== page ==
Other than the studies just described, there is a relative dearth of pharmacogenetic studies in type 2 diabetes, and indeed in many other chronic diseases. A candidate gene approach has been used to examine the effect of functional variants in genes that may affect the response to and clearance of sibutramine—a noradrenergic and serotonergic reuptake inhibitor approved for the long-term treatment of obesity.23 The population studied was relatively small (n = 181) and the duration of treatment was relatively short (12 weeks). However, the population was homogenous and well characterized and a surrogate physiological measure (gastric emptying) was utilized in addition to weight reduction. Functional variants in candidate genes were tested because of the (potential) importance of these candidate genes to modulate sibutramine activity and clearance. Variation at the α2A adrenoceptor, at the serotonin receptor, and at the guanine nucleotide-binding protein β polypeptide 3 (which modulates postreceptor signaling) seemed to significantly affect weight loss induced by sibutramine. Perhaps this study design epitomizes the ideal study design for functional pharmacogenetic studies in diabetes, which to date have been hampered by several limitations.
The first requirement of a good study design is selection of a physiologically appropriate end point for drug effect. While HbA1c might appear to be an appropriate end point for an intervention study, it is important to consider whether the duration of the study would be long enough to allow meaningful changes in HbA1c.22 Similarly, the baseline HbA1c might affect the magnitude of response expected or detectable—it is hardly a sensitive measure in subjects with prediabetes, for example. Other studies have used relatively arbitrary dichotomous end points to define failure or absence of a drug response. Is a random glucose >300 mg/dl truly a good marker of sulfonylurea failure?24 Is the ability to lower baseline glucose by >20% or baseline HbA1c by >15% a good measure of drug action and, more importantly, do these end points have clinical relevance?25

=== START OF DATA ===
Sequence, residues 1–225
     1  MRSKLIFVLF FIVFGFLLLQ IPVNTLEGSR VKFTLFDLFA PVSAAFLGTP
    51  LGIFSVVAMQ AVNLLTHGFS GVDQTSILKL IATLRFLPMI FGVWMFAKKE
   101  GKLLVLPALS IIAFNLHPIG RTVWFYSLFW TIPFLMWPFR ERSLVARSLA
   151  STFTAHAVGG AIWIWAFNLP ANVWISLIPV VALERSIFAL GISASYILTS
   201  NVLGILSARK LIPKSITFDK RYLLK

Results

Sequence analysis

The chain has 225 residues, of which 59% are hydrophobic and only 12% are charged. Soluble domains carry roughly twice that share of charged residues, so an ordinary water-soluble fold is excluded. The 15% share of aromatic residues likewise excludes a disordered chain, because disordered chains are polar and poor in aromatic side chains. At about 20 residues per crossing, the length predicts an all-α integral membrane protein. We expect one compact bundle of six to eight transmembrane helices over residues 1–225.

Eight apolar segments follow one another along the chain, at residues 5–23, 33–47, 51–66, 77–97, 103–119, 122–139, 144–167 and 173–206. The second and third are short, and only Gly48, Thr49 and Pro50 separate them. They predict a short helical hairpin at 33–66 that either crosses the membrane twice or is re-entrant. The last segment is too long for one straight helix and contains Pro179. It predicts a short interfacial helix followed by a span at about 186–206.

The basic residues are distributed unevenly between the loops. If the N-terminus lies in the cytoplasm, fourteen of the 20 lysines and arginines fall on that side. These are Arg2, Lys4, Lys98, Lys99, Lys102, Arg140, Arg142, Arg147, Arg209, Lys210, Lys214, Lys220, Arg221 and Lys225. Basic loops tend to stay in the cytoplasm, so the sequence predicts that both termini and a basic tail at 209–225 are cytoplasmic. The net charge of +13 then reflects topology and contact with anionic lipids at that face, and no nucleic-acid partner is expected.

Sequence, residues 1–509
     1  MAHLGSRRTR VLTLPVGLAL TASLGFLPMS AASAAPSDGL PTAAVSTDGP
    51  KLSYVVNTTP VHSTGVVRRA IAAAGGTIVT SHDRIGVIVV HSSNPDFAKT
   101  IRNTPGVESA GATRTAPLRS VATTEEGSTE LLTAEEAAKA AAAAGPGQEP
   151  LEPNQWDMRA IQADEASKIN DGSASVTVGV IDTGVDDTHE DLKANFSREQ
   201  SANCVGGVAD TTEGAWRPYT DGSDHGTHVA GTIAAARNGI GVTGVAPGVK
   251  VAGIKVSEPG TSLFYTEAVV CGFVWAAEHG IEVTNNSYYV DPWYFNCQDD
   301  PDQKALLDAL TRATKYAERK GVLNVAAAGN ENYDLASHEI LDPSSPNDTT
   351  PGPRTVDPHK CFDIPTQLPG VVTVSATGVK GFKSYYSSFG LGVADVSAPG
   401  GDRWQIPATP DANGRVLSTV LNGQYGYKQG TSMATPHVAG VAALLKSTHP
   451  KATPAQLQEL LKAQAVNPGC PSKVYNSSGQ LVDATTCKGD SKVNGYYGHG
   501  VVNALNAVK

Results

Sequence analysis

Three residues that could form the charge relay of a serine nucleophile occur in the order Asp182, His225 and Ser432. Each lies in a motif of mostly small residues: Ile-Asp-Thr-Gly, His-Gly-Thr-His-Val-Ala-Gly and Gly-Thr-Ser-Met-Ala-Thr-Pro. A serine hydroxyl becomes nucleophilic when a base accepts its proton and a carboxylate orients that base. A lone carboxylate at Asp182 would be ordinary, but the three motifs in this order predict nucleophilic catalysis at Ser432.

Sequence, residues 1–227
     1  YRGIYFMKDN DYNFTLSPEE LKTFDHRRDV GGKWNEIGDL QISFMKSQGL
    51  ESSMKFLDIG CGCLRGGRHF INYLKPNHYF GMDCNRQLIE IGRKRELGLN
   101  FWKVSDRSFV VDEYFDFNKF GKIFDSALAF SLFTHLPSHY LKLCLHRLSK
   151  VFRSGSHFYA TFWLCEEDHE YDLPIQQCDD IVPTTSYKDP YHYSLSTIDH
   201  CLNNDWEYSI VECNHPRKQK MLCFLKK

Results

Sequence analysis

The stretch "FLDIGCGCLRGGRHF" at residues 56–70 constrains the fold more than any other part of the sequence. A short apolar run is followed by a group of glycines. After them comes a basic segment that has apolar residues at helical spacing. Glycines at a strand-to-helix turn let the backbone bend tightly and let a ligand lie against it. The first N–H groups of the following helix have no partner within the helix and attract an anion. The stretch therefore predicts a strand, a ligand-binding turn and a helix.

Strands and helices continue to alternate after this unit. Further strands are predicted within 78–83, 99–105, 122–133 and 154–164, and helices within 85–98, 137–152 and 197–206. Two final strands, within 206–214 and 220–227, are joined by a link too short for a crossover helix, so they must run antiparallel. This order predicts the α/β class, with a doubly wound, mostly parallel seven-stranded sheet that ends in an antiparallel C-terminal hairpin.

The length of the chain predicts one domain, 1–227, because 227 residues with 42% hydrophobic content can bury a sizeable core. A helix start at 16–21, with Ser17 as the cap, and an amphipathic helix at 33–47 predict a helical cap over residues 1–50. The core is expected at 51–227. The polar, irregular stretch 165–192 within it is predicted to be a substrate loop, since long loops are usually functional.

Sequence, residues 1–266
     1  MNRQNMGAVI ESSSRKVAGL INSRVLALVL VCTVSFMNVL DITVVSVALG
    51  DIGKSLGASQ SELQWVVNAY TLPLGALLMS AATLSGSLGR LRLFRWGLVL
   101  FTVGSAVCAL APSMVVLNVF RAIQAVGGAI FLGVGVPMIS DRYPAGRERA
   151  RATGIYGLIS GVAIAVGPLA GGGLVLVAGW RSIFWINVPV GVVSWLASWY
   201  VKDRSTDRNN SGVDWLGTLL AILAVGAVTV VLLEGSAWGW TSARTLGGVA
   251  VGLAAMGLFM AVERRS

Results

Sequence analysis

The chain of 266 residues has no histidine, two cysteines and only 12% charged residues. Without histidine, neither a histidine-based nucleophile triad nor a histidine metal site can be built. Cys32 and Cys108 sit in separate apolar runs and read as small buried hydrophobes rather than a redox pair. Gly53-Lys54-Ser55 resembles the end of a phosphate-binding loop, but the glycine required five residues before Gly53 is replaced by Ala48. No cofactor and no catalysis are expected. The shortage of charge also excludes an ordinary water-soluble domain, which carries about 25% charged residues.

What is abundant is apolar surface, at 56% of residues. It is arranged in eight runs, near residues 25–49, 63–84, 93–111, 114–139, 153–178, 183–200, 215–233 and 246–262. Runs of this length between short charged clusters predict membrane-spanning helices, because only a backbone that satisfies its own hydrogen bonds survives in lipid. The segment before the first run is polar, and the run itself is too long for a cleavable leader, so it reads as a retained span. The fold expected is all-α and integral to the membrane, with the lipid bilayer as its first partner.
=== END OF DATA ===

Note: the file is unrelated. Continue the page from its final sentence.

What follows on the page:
Another important consideration is the methodology used to measure end points. Insulin secretion is not measured by measuring circulating insulin concentrations. Similarly, qualitative measures of insulin action, such as the homeostasis model assessment, which also depend on circulating insulin concentrations, are also potentially misleading, as peripheral insulin concentrations are a function of pancreatic secretion and hepatic clearance. Insulin action as measured by a hyperinsulinemic, euglycemic clamp does not distinguish between hepatic and peripheral insulin action. Furthermore, intravenous glucose delivery may not truly account for drug or drug/gene interactions that alter gastrointestinal motility, absorption, or incretin secretion.